Finally, the design and placement of the new ‘bike only’ lanes makes no sense in an American context, and their placement increases bike-pedestrian conflicts. The bike lanes are on the inside lane, so that NO MATTER WHICH way a bicyclist turns, he’s moving across the “pedestrian way.” By all means, let’s have the heaviest and fastest-moving vehicle have to demonstrate the most care.
Now this is fun:
Check out the Prius Project blog for the bike that lets you shift gears with your thoughts.
Is THAT enough reason to wear a bike helmet, people?
I wonder how the neurosensors do with “holy sh$t that woman in the van just about creamed me…” ?
The Batman model would have “Deploy handcuffs” and “Shoot missiles.”
I think one of the reasons why there is a resistance to otherwise nice things like local foods and bicycling concerns the often terminally joyless way their advocates present the Great Social Good that The Better People Who Do These Things create, unlike you, you indolent, planet-killing dolt.
Before it became about Changing the World and Proper Urbanism and Saving the Planet and Fighting Obesity and Duking it Out With Those Planet-Killing Killers in Cars, Yelling at Everybody to Make Bike Lanes and Treating Bicyclists With the Respect They Deserve, riding a bike outside was…fun.
There’s part of me that thinks the fun part of it is a lot more worthy of public investment than many of the Important Social Claims.
Here are some kids messing around on bikes, no bike lanes, no Proper Urbanism, no multi-million-dollar bike parking facilities with lockers. Just bikes, a makeshift ramp, and some kids with free time (on a low-volume suburban street, for you sensitive viewers who will be scarred at the sight of the hopeless desperation in which these children of the Provo suburbs live, in single-family houses, rather than on the lively, sun-loving, Proper Mixed Use Streets of Much Righteousness). They don’t appear to have sidewalks.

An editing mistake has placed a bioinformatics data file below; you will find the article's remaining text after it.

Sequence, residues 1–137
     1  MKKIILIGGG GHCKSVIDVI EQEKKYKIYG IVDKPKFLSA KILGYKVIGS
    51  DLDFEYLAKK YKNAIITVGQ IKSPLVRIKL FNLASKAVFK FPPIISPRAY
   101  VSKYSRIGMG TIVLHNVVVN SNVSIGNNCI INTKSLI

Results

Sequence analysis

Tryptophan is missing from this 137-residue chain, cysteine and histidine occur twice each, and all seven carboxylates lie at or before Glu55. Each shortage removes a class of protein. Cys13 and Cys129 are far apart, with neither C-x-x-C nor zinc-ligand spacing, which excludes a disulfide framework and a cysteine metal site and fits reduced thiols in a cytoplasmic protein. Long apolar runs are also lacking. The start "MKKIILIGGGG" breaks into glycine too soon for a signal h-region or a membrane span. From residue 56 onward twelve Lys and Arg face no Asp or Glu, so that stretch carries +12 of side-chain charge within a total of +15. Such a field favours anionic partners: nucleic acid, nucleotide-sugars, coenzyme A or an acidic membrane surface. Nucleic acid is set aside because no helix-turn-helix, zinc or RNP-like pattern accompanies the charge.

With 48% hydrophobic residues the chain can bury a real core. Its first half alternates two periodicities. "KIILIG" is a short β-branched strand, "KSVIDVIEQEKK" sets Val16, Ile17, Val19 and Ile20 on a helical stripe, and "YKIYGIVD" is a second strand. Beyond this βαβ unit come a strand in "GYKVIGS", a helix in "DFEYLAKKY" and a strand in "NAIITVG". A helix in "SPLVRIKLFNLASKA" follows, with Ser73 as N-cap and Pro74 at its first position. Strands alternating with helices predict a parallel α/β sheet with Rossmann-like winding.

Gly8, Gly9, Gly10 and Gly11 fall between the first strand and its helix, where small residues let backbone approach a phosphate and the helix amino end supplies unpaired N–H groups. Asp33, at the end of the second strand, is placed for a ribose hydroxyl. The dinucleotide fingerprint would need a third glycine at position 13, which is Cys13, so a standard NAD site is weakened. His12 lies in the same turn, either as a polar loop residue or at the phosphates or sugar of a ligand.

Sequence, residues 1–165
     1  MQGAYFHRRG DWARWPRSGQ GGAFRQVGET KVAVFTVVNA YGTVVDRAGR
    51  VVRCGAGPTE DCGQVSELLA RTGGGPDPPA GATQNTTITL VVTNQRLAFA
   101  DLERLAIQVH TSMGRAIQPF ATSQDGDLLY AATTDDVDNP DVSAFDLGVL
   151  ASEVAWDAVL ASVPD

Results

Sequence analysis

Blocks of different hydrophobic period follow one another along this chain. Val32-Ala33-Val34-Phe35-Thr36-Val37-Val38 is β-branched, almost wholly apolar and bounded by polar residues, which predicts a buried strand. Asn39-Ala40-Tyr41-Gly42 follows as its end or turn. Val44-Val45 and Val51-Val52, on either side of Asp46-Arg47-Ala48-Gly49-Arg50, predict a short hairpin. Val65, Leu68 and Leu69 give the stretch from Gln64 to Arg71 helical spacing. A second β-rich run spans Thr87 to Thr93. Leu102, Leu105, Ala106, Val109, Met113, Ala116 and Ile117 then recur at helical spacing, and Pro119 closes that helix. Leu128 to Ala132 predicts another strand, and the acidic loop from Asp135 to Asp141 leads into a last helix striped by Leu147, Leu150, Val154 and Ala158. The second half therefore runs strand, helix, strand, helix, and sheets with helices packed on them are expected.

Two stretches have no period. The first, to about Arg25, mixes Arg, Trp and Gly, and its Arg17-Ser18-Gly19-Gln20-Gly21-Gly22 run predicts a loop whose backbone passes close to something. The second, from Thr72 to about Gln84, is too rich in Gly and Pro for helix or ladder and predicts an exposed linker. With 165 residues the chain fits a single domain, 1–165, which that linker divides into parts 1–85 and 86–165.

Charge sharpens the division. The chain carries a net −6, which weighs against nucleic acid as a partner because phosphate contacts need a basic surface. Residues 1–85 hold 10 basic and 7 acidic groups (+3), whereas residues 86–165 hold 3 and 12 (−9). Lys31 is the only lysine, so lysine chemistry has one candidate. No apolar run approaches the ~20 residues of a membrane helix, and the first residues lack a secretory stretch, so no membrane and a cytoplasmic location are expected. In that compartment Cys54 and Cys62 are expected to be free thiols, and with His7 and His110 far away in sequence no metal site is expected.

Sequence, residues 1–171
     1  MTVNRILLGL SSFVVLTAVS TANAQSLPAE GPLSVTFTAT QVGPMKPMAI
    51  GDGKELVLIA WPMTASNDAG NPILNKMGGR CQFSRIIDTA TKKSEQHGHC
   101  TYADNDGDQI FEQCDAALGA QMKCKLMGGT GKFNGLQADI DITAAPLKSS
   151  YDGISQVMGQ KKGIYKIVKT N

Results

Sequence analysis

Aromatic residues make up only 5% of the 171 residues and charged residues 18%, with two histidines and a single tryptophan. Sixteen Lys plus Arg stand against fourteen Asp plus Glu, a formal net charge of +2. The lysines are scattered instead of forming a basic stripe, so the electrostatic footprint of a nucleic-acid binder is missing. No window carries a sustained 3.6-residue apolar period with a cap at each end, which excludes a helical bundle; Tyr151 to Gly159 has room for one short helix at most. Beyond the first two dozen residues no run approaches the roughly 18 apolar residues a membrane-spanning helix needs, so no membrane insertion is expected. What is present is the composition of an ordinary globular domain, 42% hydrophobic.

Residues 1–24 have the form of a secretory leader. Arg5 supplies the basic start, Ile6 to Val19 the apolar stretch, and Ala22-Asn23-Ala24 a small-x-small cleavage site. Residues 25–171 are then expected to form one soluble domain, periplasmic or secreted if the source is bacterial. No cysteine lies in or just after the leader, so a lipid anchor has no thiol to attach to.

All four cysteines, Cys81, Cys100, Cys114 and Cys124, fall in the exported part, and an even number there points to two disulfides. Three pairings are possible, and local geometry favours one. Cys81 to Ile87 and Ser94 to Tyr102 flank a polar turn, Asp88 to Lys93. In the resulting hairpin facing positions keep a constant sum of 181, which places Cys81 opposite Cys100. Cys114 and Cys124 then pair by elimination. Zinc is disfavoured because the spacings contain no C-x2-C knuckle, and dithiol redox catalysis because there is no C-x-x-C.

The song is one of my favorites about bicycling, from a band called All The Apparatus.
I like how the kid with glasses mans up at the end. Well done, kid.
Wish they were wearing helmets though.
The Financial Times has an essay about the challenges of allocating bikes across a system of subscribers to common pool bike supply. Go check out the story.
Planners, particularly walk and bike planners, are fond of dismissing mathematical and analytical problems in transport, I strongly suspect because a good number of planners are badly trained in math. While it’s 100 percent true, I think, that much of planning is about negotiating and deal making, in private-sector transport services, the way the world seems to be going, things actually have to run, and for many things to run, you have to solve a math puzzle.
So London’s Barclay Bike services has a bike allocation problem that mirrors (but not quite) the basic empty backhaul problem in transport that plagues everything from freight to airlines.
Nick Aldworth, who manages the bikes for Transport for London, explained to me that running London’s scheme is about coping with all the people who want to get from A to B, while encouraging as many as possible to go from B to A, and C to D. “We need people to understand there is a limit to what we can achieve in one direction,” he said. “We need that balance.”
There is a limit, but people don’t have to understand–they are paying for service. If this market works and Barclay can’t figure it out, somebody else will.
Here’s the visualization of bike movements around London:
So we have a standard spatial allocation problem, where the routing is generally figured out by customers, The issue for Barclay is that it probably has three separate market segments for origins and destinations: 1) are regular commuters whose demand patterns can be predicted, within reason, using Bayesian methods–i.e., what these customers have done on most every weekday; 2) ‘package’ commuters, who have multiple modal options and package services based on the whims and characteristics of the day (raining, snowing, etc). and 3) tourists and other stochastic (but somewhat predictable) consumers who are likely in their behavior to act like group #2 (people who will take a bike from one location, leave it, and then call a cab or take a bus when tired, leaving the bike in a potentially low-demand deposit area).